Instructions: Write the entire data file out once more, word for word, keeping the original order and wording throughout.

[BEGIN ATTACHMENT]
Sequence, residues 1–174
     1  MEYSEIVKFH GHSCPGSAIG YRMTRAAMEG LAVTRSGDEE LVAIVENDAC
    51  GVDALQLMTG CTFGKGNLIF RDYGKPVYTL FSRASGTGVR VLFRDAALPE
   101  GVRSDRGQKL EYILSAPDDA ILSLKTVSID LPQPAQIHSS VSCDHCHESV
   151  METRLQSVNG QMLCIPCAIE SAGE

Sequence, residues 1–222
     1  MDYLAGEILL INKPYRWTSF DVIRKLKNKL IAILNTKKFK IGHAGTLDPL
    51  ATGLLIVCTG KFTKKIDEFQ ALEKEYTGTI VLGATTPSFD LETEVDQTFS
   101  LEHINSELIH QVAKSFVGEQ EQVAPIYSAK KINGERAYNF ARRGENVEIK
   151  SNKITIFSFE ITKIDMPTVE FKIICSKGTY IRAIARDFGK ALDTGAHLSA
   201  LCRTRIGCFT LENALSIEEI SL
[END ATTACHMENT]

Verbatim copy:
Sequence, residues 1–174
     1  MEYSEIVKFH GHSCPGSAIG YRMTRAAMEG LAVTRSGDEE LVAIVENDAC
    51  GVDALQLMTG CTFGKGNLIF RDYGKPVYTL FSRASGTGVR VLFRDAALPE
   101  GVRSDRGQKL EYILSAPDDA ILSLKTVSID LPQPAQIHSS VSCDHCHESV
   151  METRLQSVNG QMLCIPCAIE SAGE

Sequence, residues 1–222
     1  MDYLAGEILL INKPYRWTSF DVIRKLKNKL IAILNTKKFK IGHAGTLDPL
    51  ATGLLIVCTG KFTKKIDEFQ ALEKEYTGTI VLGATTPSFD LETEVDQTFS
   101  LEHINSELIH QVAKSFVGEQ EQVAPIYSAK KINGERAYNF ARRGENVEIK
   151  SNKITIFSFE ITKIDMPTVE FKIICSKGTY IRAIARDFGK ALDTGAHLSA
   201  LCRTRIGCFT LENALSIEEI SL